Apollo Subscribe
Features

Acquisitions of the month: March 2018

11 April 2018

A round-up of the best works of art to enter public collections recently

Dia Art Foundation, New York
Sun Tunnels, 1973–76, Nancy Holt

Dia Art Foundation has acquired Nancy Holt’s celebrated Sun Tunnels, a concrete land art installation located in Utah’s Great Desert Basin. This combined gift-purchase is the first piece of land art that Dia has acquired since 1999. It is also the first Holt work sold by the Holt-Smithson Foundation, which was established last year to oversee the estates of Holt and her husband, Robert Smithson.

State Art Collection of Dresden
The Erika and Rolf Hoffmann collection

This major donation of the 1,200-work Hoffmann collection of art contains works spanning 1910 to the present day, by artists including Marcel Broodthaers, Jean-Michel Basquiat, Andy Warhol and Cy Twombly. The collection was begun by Erica and Rolf Hoffmann in the early 1960s; it is one of the largest gifts to the State Art Collection of Dresden (SKD) in its history. The SKD intends to allow all 15 of its constituent museums and collections access to the works, which will also be made available for loan by museums throughout Saxony.

Eva-Maria Stange, Erika Hoffmann and Marion Ackermann with Untitled by Félix González-Torres

Eva-Maria Stange, Erika Hoffmann and Marion Ackermann with Untitled by Félix González-Torres. Photo: Oliver Killig, 2018; © SKD

Karlsruhe Museum
Portrait of Madame Paul Girardot de Vermenoux (1764), Jean-Etienne Liotard

The Swiss artist’s largest pastel work on a single piece of vellum has been acquired by the Karlsruhe Museun, in a deal brokered by London-based Liotard specialist Derek Johns. The sitter, Madame de Vermenoux, commissioned the piece as a gift for the Genevan doctor Theodore Tronchin.

Portrait of Madame Paul Girardot de Vermenoux, Jean-Etienne Liotard

Portrait of Madame Paul Girardot de Vermenoux (1764), Jean-Etienne Liotard. Courtesy Derek Johns

Rijksmuseum, Amsterdam
The Medici Genius (c. 1556), Bartolomeo Ammannati

This red wax statue by Ammannati was a preparatory model for the fountain at the Palazzo Pitti in Florence, commissioned by Cosimo de’ Medici. The work is a rare survival in wax from the Renaissance, owing to the fragility of the medium.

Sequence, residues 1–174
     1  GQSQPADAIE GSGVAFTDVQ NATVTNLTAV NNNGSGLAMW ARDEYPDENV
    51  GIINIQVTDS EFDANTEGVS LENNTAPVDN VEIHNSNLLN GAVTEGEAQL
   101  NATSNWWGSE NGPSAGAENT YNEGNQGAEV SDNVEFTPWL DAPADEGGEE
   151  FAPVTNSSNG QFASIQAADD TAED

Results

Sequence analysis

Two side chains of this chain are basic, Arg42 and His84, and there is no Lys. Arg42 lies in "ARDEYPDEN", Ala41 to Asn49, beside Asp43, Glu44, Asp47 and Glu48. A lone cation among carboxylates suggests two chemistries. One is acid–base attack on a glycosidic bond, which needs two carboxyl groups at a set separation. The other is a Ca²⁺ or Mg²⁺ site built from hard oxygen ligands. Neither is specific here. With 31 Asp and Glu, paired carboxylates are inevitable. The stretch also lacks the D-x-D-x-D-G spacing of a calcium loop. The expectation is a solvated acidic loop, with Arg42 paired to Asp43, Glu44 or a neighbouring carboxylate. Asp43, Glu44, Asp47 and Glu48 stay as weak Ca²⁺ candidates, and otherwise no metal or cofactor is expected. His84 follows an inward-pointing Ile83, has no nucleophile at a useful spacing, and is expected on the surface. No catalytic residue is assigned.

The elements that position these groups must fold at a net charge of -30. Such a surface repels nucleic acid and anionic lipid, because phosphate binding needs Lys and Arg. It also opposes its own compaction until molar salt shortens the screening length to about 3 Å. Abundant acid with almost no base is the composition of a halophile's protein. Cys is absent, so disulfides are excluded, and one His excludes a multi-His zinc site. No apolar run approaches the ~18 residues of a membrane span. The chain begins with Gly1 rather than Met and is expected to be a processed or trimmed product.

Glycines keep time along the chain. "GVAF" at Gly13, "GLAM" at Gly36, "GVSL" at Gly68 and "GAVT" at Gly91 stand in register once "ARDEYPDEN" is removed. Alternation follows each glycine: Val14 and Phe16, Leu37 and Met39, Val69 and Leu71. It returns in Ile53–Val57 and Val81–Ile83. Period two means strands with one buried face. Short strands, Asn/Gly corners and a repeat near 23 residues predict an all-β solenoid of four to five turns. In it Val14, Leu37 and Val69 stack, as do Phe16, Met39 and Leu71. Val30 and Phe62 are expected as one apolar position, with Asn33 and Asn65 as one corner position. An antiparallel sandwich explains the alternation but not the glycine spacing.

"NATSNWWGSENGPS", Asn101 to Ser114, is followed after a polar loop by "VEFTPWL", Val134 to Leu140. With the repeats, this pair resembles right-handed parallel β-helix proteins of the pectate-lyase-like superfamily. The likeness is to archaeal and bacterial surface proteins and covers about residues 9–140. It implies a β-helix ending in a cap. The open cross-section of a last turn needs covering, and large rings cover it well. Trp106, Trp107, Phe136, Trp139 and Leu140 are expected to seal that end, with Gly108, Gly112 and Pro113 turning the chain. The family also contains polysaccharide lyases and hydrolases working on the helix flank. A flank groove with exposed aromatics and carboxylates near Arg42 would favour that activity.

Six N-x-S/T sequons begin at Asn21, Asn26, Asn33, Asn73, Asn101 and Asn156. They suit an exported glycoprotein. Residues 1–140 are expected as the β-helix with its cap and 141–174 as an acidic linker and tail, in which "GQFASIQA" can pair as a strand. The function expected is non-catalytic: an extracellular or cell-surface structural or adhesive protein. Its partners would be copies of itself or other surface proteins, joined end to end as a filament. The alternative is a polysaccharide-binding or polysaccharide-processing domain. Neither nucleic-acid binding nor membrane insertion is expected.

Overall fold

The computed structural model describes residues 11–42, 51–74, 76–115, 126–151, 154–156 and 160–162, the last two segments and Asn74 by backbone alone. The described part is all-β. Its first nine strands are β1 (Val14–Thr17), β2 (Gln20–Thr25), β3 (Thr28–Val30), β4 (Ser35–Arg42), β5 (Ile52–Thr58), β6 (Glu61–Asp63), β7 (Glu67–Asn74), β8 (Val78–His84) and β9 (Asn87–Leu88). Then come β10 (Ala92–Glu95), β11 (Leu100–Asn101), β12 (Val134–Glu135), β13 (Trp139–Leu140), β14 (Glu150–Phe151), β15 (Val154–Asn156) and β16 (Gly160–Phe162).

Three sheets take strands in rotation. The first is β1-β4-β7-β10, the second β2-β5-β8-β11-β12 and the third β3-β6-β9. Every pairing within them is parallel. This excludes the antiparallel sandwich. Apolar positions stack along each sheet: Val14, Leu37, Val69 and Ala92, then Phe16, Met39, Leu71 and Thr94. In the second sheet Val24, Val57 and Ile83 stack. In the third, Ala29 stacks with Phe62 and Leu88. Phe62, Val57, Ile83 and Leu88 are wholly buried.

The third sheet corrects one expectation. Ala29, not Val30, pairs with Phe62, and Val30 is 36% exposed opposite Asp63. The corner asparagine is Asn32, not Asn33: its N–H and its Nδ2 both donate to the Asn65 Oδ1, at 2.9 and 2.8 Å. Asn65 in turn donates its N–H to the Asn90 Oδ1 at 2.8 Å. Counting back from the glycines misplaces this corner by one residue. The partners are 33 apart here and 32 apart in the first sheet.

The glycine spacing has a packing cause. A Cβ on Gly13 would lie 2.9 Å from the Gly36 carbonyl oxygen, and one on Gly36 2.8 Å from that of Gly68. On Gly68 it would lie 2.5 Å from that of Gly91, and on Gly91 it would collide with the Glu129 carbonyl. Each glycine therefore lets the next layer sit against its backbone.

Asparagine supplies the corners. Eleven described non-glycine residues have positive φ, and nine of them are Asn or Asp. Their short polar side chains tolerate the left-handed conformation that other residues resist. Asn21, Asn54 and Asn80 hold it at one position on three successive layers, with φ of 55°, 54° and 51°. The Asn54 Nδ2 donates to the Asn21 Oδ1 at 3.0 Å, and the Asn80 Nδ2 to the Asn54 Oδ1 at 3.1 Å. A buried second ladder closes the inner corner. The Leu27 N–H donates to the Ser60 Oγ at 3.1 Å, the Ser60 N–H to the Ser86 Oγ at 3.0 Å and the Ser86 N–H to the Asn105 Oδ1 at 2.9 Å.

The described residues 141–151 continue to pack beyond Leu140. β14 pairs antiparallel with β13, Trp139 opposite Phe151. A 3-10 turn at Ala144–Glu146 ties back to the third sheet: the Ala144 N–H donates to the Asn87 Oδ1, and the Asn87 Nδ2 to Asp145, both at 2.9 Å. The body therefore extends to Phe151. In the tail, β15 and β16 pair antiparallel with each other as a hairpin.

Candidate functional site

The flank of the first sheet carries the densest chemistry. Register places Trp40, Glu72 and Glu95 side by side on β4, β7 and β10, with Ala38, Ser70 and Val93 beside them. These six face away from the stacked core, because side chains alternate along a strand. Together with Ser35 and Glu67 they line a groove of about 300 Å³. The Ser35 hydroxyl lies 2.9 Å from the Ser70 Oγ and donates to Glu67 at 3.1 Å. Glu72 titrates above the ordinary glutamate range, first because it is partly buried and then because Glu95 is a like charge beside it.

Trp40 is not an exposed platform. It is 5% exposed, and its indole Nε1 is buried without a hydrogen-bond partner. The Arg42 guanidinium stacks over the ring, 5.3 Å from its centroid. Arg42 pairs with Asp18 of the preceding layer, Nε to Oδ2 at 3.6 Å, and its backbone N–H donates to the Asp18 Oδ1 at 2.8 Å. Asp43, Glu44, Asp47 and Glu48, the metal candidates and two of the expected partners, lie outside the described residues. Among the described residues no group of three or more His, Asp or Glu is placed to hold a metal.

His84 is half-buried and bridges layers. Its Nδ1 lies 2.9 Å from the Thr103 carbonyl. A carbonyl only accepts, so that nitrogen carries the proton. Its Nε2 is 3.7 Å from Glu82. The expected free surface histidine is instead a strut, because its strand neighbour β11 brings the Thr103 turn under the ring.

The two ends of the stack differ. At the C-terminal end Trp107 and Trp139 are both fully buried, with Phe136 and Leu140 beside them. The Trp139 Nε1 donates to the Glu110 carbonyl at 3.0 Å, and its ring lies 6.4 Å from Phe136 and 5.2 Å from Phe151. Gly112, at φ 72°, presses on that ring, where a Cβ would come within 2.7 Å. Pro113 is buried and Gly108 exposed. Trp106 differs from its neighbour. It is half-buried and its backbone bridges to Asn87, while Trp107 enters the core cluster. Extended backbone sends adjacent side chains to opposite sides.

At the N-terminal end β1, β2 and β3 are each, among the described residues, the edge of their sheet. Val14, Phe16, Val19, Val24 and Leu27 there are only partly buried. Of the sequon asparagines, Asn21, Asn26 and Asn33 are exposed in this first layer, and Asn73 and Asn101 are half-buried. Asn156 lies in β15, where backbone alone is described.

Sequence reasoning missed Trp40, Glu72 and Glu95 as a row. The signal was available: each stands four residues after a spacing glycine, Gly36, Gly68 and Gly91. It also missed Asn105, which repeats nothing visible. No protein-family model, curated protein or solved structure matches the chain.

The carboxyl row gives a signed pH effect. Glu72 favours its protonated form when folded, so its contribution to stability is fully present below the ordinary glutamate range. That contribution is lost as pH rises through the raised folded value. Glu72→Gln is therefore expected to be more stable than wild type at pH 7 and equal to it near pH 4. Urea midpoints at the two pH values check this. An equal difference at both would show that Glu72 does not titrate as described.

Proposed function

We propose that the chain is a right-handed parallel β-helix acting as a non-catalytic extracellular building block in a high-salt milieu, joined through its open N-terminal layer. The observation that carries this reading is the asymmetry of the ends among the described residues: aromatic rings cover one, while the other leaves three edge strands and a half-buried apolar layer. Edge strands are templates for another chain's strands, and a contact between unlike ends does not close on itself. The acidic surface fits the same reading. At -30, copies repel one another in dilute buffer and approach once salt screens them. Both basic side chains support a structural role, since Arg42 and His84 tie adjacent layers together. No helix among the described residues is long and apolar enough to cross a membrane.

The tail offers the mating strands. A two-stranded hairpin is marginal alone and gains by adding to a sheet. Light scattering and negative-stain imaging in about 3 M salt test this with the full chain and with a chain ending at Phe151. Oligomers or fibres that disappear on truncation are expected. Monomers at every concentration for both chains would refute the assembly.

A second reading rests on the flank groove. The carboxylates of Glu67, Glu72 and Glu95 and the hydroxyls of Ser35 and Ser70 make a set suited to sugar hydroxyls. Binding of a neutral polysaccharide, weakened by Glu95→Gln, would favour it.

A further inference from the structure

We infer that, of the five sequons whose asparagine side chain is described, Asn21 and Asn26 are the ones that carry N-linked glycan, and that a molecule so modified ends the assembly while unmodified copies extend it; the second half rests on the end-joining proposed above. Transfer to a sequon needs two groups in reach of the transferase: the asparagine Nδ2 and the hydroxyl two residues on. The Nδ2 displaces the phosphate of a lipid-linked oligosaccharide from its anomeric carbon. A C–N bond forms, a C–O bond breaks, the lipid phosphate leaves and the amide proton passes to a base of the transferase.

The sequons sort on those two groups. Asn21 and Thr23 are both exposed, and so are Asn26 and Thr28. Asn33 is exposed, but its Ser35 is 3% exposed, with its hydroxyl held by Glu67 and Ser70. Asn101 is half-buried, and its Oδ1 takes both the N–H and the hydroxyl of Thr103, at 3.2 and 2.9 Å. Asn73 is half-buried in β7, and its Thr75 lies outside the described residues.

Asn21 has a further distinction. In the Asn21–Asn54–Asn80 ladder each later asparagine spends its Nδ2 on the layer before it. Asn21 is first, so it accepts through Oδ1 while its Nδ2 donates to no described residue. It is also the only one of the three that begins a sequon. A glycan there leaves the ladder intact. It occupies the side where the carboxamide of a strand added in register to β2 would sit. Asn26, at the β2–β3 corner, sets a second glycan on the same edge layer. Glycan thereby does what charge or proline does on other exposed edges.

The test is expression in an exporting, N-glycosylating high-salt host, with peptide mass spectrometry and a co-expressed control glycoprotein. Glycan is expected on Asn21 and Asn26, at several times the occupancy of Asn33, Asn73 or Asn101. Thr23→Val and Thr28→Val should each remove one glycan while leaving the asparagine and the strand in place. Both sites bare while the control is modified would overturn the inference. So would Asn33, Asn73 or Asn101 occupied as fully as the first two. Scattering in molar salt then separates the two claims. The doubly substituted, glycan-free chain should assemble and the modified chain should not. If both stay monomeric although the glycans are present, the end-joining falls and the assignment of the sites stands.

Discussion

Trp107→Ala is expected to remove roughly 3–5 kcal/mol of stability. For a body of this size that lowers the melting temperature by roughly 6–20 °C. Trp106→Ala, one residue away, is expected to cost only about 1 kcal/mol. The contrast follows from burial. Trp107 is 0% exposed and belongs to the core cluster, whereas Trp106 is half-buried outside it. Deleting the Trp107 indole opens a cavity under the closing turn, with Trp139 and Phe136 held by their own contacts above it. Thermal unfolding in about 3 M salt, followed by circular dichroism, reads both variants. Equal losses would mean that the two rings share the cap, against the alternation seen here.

The Medici Genius, Bartolomeo Ammannati

The Medici Genius (c. 1556), Bartolomeo Ammannati. Courtesy Rijksmuseum

The J. Paul Getty Museum, Los Angeles
Bust of a Young Boy (c. 1460–64), Desiderio da Settignano

This life-sized marble, which depicts a young boy, is one of a group of four known portrait busts of children created by the Florentine sculptor Desiderio da Settignano in the mid 15th century. The work’s provenance can be traced back to 1776 when it was purchased by a British collector from a Florence family.

Detail of Bust of a Young Boy, Desiderio da Settignano

Detail of Bust of a Young Boy (c. 1460–64), Desiderio da Settignano. Courtesy The J. Paul Getty Museum, Los Angeles

Victoria & Albert Museum, London
Bacchus Triumphant (or Autumn), (c. 1683), workshop of the St Joseph convent in Paris

This 17th-century wall hanging, acquired by the V&A from De Wit Fine Tapestries Belgium at BRAFA, is attributed to the embroidery worship at the St Joseph convent in Paris, where Louis XIV’s mistress, Madame de Montespan, found refuge during her exile from court. Belonging to a series of eight works representing the king, La Montespan, and six of their children, this work depicts the monarch’s second son, Louis-César de Bourbon, Count of Vexin, and joins another piece already owned by the V&A from this series.

Bacchus Triumphant (or Autumn), Paris, late 17th century

Bacchus Triumphant (or Autumn) (c. 1683), workshop of the Saint Joseph convent in Paris. Courtesy De Wit Fine Tapestries.

Princeton University Art Museum
16 works from the Gitter-Yelen/Manyo’an Collection of Art

The Princeton University Art Museum has acquired 16 paintings from the Gitter-Yelen collection of Japanese art. The works date from Japan’s Edo period (1615­­–1868), and include examples from the genres of Literati, Zen, Rinpa and Individualist painting. A number of the paintings will be displayed, alongside works from the museum’s existing collection, in an upcoming exhibition on topography in Japanese painting (‘Painting Place in Japan’, 20 October–24 February 2019).

Kanzan and Jittoku, Soga Shohaku

Kanzan and Jittoku (18th century), Soga Shohaku. Courtesy Princeton University Art Museum

Want stories like this in your inbox?

Sign up today to receive Apollo highlights direct to your inbox – and be the first to know about Apollo events, special offers, and what’s in the latest issue

There’s never been a better time to subscribe to Apollo magazine. Start your subscription today with 3 issues for £10.